The definitive sketch of one of America’s greatest writers.
On May 13, 1950, Lillian Ross’s first portrait of Ernest Hemingway was published in The New Yorker. It was an account of two days Hemingway spent in New York in 1949 on his way from Havana to Europe. This candid and affectionate profile was tremendously controversial at the time, to the great surprise of its author. Booklist said, “The piece immediately conveys to the reader the kind of man Hemingway was—hard-hitting, warm, and exuberantly alive.” It remains the classic eyewitness account of the legendary writer, and it is reproduced here with the preface Lillian Ross prepared for an edition of Portrait in 1961.
Ernest Hemingway was born on July 21, 1899, and to celebrate the centenary of this event, Ms. Ross wrote a second portrait of Hemingway for The New Yorker, detailing the friendship the two struck up after the completion of the first piece. It is included here in an amended form.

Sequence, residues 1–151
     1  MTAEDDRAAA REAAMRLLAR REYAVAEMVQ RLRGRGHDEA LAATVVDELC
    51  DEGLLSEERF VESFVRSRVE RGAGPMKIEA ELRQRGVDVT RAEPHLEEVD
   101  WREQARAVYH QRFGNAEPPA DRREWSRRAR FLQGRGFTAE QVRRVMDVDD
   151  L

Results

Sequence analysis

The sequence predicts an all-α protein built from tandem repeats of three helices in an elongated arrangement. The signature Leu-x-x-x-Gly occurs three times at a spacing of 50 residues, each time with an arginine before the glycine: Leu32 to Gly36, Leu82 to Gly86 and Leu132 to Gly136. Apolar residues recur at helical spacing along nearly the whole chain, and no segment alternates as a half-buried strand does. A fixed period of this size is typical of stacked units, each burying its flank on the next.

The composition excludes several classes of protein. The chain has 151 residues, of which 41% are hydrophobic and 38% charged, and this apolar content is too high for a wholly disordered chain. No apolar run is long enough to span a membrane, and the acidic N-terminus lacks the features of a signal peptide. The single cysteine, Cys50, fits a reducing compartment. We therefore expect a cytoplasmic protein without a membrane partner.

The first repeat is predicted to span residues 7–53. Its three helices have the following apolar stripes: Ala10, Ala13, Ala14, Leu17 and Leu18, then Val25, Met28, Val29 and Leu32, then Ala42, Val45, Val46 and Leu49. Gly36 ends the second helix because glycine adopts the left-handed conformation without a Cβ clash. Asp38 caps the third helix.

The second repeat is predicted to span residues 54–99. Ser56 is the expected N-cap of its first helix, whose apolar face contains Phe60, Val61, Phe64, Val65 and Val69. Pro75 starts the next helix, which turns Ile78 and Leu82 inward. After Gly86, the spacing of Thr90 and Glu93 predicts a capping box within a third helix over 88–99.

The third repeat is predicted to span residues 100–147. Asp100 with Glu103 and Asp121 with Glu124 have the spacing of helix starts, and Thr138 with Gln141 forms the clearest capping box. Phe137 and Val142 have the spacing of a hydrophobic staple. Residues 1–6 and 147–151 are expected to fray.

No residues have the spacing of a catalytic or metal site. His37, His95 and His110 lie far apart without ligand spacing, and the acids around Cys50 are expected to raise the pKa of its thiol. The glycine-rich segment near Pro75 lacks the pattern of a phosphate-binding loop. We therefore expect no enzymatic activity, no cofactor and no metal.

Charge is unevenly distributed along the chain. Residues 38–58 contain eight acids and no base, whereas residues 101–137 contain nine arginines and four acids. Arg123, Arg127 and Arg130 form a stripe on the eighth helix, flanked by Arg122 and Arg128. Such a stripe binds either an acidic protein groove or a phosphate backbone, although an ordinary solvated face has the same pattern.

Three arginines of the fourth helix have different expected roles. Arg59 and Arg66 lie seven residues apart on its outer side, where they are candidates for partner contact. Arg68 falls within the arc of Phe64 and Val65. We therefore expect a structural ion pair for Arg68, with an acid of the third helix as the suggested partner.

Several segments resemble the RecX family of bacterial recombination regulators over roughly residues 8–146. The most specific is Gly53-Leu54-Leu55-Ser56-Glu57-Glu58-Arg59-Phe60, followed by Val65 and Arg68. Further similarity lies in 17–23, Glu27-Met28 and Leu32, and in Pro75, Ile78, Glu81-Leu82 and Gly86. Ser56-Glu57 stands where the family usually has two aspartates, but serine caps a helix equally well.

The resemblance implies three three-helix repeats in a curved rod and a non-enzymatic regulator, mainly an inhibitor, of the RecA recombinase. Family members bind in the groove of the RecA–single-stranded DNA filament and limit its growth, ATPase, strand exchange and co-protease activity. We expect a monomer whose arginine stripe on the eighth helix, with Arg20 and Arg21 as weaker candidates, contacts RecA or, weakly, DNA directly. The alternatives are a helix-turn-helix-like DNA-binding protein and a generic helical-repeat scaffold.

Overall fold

Lillian Ross is an American journalist and author who has been a staff writer at The New Yorker since 1945. She began as a “Talk of the Town” reporter and, over the course of her career, she has written hundreds of pieces, contributing to nearly every section of the magazine.